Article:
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Beersmith 09-03-2010 14:48

Need Outboard Advice for Dinghy
The dinghy that came with my boat is old just like the mothership, a 1970something Achilles 9.5 foot inflatable. The big chambers hold air just fine and I am able to paddle it around like a canoe with another person reasonably well. I am cruising my sailboat around Florida and need to leave it on a mooring. I'd like to not have to rely on canoe paddling it, especially by myself. What kind of outboard should I look for for this? What size, brand, or any info you can think of would help. Should I look for a used or go straight for new if I can afford it? I seem to only remember outboards being unreliable so I'm nervous about buying used. I'd like something that would work well with a newer dinghy if I got one, and I'm leaning towards a hard dinghy at the moment if that makes any difference. I've learned a lot about my diesel engine, but these little guys confuse me. Also need info on how I would mount it on this thing.

FSMike 09-03-2010 21:02

Beersmith -
You will need to acquire the bracket made by Achilles to mount an outboard, or at least get one fabricated, perhaps modify an old one from a different brand if you can't find an Achilles. That dink probably isn't rated for more than 3 horsepower at the most. New outboards are extremely reliable. We prefer Yamahas for two strokes and Hondas for four strokes, but there are other brands that folks swear by. If you are not going to be using the outboard on a regular basis run the gas out of the carburetor before shutting it off, so the gas won't gum up the carb from sitting. Fuel treatments are also a good idea for the gas in the tank.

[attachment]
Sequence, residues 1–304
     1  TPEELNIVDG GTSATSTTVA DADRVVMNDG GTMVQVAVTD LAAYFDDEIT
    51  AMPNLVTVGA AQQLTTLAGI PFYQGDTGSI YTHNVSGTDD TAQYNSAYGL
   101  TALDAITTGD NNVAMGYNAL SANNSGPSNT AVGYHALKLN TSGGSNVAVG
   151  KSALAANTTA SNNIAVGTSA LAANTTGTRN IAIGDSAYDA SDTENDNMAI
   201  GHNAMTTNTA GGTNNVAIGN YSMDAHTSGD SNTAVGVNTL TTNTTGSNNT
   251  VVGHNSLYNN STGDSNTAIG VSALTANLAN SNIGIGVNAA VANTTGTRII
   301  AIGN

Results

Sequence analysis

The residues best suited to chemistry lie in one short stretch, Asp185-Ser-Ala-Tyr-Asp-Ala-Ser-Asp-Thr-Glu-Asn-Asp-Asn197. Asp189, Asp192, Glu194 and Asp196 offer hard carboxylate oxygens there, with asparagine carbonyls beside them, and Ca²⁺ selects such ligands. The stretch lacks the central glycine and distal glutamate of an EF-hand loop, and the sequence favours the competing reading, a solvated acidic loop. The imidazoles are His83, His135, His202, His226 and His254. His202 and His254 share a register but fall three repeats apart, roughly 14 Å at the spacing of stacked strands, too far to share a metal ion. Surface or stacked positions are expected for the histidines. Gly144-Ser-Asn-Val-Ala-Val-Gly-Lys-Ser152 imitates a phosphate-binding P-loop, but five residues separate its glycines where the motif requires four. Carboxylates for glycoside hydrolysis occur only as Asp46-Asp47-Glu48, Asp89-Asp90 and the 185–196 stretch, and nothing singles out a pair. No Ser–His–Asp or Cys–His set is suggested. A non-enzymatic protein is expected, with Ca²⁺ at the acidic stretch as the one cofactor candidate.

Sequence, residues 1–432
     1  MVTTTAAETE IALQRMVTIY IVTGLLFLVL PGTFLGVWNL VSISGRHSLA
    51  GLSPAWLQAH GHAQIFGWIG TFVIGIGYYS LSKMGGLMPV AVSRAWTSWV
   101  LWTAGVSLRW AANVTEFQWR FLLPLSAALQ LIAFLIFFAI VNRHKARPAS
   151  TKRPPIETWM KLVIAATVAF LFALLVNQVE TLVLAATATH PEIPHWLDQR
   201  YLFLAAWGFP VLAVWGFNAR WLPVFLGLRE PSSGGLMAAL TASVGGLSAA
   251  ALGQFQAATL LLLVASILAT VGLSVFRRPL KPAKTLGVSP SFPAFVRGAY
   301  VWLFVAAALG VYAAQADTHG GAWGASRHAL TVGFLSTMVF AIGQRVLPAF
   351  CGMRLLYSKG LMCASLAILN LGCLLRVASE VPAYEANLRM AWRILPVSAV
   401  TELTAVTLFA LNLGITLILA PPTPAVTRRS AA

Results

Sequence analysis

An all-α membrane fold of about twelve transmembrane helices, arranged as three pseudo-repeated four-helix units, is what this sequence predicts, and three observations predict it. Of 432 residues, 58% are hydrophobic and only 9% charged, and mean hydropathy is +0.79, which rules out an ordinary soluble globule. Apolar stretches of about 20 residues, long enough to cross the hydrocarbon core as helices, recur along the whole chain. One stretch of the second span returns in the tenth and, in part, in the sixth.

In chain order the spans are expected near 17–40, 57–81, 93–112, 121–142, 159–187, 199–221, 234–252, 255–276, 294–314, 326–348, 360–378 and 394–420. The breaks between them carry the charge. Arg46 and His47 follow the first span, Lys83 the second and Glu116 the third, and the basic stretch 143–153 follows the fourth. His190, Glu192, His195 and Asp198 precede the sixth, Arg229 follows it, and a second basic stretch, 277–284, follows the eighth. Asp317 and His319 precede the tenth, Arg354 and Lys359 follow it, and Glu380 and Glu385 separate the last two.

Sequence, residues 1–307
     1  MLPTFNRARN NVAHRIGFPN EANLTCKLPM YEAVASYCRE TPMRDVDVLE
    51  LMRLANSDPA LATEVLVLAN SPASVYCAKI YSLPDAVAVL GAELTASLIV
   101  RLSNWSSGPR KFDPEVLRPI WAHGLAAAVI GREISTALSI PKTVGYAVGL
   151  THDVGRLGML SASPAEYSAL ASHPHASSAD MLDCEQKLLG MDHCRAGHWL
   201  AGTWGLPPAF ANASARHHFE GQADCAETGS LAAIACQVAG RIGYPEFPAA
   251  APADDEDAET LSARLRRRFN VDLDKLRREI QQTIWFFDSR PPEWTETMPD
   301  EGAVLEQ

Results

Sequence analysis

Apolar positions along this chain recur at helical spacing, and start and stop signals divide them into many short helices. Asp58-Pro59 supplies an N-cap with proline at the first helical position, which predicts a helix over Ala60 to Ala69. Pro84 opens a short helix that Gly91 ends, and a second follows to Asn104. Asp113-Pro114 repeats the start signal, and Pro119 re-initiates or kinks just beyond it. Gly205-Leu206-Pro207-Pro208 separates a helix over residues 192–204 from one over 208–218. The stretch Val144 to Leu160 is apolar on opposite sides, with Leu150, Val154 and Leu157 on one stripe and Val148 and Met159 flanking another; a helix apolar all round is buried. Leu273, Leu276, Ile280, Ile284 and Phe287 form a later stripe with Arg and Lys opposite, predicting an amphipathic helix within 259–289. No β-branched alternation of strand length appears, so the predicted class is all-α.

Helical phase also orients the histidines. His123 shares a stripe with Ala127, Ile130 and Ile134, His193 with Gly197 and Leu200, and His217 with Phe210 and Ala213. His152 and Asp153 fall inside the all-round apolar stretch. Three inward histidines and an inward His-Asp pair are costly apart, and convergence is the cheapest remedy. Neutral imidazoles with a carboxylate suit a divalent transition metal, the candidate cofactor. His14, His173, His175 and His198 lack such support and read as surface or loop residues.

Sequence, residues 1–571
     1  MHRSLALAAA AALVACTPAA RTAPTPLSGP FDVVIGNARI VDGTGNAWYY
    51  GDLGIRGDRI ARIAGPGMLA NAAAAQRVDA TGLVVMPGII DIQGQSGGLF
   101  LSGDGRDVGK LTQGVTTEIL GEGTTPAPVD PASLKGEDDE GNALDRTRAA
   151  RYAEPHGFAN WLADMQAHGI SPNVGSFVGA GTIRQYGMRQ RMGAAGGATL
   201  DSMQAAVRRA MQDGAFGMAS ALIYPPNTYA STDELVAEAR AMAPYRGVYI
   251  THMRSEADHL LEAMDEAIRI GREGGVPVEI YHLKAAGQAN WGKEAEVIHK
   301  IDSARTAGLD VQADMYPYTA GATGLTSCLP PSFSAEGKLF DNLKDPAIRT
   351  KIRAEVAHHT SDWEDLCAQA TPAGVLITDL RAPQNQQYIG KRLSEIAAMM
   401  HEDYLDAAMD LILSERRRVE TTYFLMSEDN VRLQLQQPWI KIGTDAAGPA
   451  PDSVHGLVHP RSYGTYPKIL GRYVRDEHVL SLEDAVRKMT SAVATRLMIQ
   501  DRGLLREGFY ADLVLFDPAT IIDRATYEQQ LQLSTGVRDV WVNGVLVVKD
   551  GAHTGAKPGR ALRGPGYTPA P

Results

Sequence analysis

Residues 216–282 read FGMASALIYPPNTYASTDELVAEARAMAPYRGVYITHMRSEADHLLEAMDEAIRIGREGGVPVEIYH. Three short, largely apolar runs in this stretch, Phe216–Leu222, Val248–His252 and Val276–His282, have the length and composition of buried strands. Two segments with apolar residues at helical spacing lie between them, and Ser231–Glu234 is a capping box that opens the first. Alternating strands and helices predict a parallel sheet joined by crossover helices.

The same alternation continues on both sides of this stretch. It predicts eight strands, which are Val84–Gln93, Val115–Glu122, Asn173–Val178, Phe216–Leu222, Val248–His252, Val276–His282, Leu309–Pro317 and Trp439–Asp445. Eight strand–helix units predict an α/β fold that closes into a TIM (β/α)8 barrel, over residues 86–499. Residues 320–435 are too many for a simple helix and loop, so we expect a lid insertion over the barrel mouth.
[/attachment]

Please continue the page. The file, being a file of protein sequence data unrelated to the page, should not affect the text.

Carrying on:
If you are considering a new dinghy, I would put off buying a motor until you decide what sort of rig you want. Rigid bottom inflatables with enough horsepower to easily plane are great, but not cheap.

tallyhorob 09-03-2010 21:18

RIB with a 15 HP, wait to buy, you may find a deal with a motor to go with it. Only problem I see with the bracket is that it may be easy to steal the motor in the current set up. So, if you go that way go used and beat up the outside of the motor, A little scot brite to dull up the paint and make it look old and spray paint it some ugly color could deter someone from stealing it.

CSY Man 09-03-2010 21:44

Looks like an Avon Redcrest, 9.3 something..Or a copy of it.

If the dink is old, toss it in the garbage.
You don't want to see the thing collapse on the beach and you are unable to get back to the mothership somewhere of the beaten path when the old seams gave up in the sun and you have to swim 1/2 mile against a 20 knot wind..:(

When it comes to anchors and dinghies, get the biggest ya can fit and afford..No safety points for saving money or weight on anchors or dinks..

roverhi 10-03-2010 01:41

You can get oars for the boat from Achilles. Voila, it's now a one man row instead of a two man paddle. As mentioned above, the boat needs a bracket for the motor also available from Achilles if you can't find one used. These are low power dinghys. Doubt that they are rated for more than 4 hp. If weight is a consideration, look for a used two cycle in good condition. 4 cycles are less polluting but weigh more so can be a problem to horse around when out sailing.